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Paper   IPM / Cognitive Sciences / 16778
School of Cognitive Sciences
  Title:   Task-dependent neural representations of visual object categories
  Author(s): 
1.  A. Farzmahdi
2.  F. Fallah
3.  R. Rajimehr
4.  R. Ebrahimpour
  Status:   Published
  Journal: European Journal of Neuroscience
  Vol.:  04
  Year:  2021
  Supported by:  IPM
  Abstract:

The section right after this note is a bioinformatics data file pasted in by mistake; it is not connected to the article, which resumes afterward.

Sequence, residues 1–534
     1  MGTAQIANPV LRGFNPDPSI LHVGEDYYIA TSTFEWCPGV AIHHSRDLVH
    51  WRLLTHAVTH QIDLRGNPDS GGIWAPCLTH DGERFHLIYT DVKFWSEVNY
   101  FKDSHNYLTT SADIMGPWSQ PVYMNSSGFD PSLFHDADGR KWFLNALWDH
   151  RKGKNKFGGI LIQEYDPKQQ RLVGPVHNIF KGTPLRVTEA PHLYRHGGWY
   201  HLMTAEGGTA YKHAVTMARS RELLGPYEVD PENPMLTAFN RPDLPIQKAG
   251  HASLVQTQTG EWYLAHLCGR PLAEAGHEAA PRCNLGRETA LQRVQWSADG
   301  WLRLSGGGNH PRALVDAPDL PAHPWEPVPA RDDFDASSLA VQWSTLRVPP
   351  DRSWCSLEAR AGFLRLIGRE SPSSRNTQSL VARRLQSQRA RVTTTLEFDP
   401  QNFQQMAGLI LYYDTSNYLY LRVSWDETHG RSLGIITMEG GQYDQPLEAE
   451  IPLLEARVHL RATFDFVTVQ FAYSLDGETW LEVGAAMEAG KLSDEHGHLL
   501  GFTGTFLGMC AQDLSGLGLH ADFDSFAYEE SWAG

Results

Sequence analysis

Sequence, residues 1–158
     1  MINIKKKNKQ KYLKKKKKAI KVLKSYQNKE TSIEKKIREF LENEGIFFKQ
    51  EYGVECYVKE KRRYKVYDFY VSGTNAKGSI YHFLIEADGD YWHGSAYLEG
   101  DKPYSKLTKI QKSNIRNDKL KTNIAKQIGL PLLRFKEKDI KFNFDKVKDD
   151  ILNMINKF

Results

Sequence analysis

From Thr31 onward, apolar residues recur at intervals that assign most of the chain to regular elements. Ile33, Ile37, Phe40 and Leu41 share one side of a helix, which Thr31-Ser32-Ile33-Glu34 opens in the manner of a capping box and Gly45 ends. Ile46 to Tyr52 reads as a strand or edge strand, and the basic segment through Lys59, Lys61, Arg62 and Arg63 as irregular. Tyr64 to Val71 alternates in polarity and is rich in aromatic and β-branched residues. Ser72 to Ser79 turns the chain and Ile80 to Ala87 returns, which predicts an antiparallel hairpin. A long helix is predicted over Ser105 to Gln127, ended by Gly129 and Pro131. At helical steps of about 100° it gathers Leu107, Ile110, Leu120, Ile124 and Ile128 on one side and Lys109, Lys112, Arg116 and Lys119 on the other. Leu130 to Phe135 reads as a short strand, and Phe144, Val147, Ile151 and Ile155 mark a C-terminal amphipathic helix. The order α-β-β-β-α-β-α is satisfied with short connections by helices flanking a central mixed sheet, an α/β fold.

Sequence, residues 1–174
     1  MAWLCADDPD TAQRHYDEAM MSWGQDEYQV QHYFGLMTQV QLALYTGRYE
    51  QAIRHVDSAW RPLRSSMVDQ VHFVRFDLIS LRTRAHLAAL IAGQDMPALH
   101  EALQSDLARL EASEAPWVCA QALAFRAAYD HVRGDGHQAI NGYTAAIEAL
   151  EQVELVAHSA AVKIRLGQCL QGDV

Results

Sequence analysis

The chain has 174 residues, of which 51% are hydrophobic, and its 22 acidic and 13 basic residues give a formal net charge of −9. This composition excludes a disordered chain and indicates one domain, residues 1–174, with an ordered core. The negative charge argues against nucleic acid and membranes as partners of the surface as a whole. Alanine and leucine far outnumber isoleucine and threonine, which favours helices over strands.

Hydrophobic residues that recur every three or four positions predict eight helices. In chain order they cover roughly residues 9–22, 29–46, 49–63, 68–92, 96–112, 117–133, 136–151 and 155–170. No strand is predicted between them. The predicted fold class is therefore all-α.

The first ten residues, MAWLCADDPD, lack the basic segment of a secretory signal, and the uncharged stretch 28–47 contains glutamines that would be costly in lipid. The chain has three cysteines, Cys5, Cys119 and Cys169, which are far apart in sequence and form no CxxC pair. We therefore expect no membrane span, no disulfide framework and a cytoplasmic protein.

What do we perceive in a glance of an object? If we are questioned about it, will our perception be affected? How does the task demand influence visual processing in the brain and, consequently, our behaviour? To address these questions, we conducted an object categorisation experiment with three tasks, one at the superordinate level (‘animate/inanimate’) and two at the basic levels (‘face/body’ and ‘animal/human face’) along with a passive task in which participants were not required to categorise objects. To control bottom-up information and eliminate the effect of sensory-driven dissimilarity, we used a particular set of animal face images as the identical target stimuli across all tasks. We then investigated the impact of top-down task demands on behaviour and brain representations. Behavioural results demonstrated a superordinate advantage in the reaction time, while the accuracy was similar for all categorisation levels. The event-related potentials (ERPs) for all categorisation levels were highly similar except for about 170 ms and after 300 ms from stimulus onset. In these time windows, the animal/human face categorisation, which required fine-scale discrimination, elicited a differential ERP response. Similarly, decoding analysis over all electrodes showed the highest peak value of task decoding around 170 ms, followed by a few significant timepoints, generally after 300 ms. Moreover, brain responses revealed task-related neural modulation during categorisation tasks compared with the passive task. Overall, these findings demonstrate different task-related effects on the behavioural response and brain representations. The early and late components of neural modulation could be linked to perceptual and top-down processing of object categories, respectively.

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